Earlier, there had been only a practical course in fine arts and regular course of monastic study, but His Holiness introduced two new modules: mandala drawing and theory of Buddhist religious fine arts, replacing the regular monastic school study in 2014.
According to the head lama, the school plans to introduce two new subjects: English language and Lhendup, “patchwork thangka.” The training course’s duration is six years, with a Bachelor of Fine Arts (BFA) conferred upon completion. The first batch completed the course on 15 March 2014.
Eligibility for school admission requires either a class ten certificate or a completed basic course in a monastic school. However, there is an opportunity for those who have a keen interest but do not hold a certificate; a recommendation letter from the student’s teacher defining his interest and ability will be considered. The school started with 40 monks from the Trongsa dzong but the training center is now open to monks from all 20 dzongkhags. An opportunity for monks from private monastic schools was also recently advertised, but no one from these schools has yet registered. Currently, there are 48 monk students, six teachers, and one supervisor, with all expenditures borne by the central monk body (Dratsang Lhentshog).
Architecture and Artwork
The temple is a two-storey Bhutanese style house, with wood, stone, and mortar at the main base of the building. The two floors are connected by a traditional Bhutanese wooden staircase on the outside.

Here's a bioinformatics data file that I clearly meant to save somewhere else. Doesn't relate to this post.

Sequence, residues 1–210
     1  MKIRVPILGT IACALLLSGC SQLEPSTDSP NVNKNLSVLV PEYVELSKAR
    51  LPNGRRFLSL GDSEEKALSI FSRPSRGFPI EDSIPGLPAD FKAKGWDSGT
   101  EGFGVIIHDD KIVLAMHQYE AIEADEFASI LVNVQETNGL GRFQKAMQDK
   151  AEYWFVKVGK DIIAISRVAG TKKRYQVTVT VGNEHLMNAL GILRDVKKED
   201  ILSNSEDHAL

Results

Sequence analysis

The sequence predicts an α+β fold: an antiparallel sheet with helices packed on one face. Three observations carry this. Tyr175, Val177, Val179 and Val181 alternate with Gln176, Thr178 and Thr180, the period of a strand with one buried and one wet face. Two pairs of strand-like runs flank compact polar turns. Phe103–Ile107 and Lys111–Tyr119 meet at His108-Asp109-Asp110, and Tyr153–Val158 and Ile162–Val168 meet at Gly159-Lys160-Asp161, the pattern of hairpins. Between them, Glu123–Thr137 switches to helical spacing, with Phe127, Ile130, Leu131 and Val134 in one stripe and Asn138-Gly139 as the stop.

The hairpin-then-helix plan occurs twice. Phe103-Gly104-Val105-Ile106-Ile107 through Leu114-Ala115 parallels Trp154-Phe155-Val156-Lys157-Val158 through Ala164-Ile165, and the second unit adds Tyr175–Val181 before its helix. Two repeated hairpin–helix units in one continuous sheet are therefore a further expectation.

On the ground floor chapel, the main statue is an 8.23 m high Chagtong Chentong (Avaloketishavara in his form of one thousand arms and eyes) with Palchen Dorji Shonu (Vajrakila) on the right side and Horsok Magdok (a wrathful form of Guru Rinpoche who repels enemies) on the left. A statue of Polo Khen Rinpoche Thupten Kuenga Gyaltshen also stands on the right side.
The walls of the ground floor chapel are covered with paintings of Zhabdrung Phuensum Tsokpa’s lineage; the Eight Emanations of Guru Rinpoche are depicted on the right side; and Neten Chudruk (the Sixteen Arhats, disciples of the Buddha) and Polo Khen Rinpoche are on the left.
The main chapel occupies the biggest space on the top floor, but no statues are there as of yet.
The walls of the top floor are covered with paintings of the 35 Buddhas of Confession on the right and the lineage of the Kagyu Lamas and protectors on the left. On the top floor stands the chapel of the protective deities (gonkhang) to the side of the main chapel.
Social and Cultural Functions
The temple belongs to His Majesty, as offered by His Holiness the 70th Je Khenpo. It is cared for by a monk student, who acts as caretaker for a one year period.
Tashi Choling Lhakhang hosts the following events:

  • 10th–15th days of the 1st month of the Bhutanese calendar: Recitation of Mani (Mani Dungdub), sponsored by Tangsibji gewog
  • 22nd–30th days of the 1st month: Fasting prayer (Nyungney) sponsored by locals
  • 10th day of the 3rd month: Zhabdrung Kuchoe (commemoration of Zhabdrung’s death), mainly sponsored by the lhakhang, but aided by locals
  • 4th day of the 6th month: Tsechu, mainly sponsored by the lhakhang, but aided by locals
  • 22nd day of the 9th month: Prayers on the Descending Day of Lord Buddha (Lhabab Duchen) are performed with Polo Khen Rinpoche’s Kuchoe (commemoration of Polo Khen Rinpoche’s death) , mainly sponsored by the lhakhang, but aided by locals
  • Every morning and evening: Monks perform prayers, with the caretaker performing the prayer to Chenrezig on the ground floor, and a monk whose title is Kangjup performing the offering of prayers for protectors in the Gonkhang on the top floor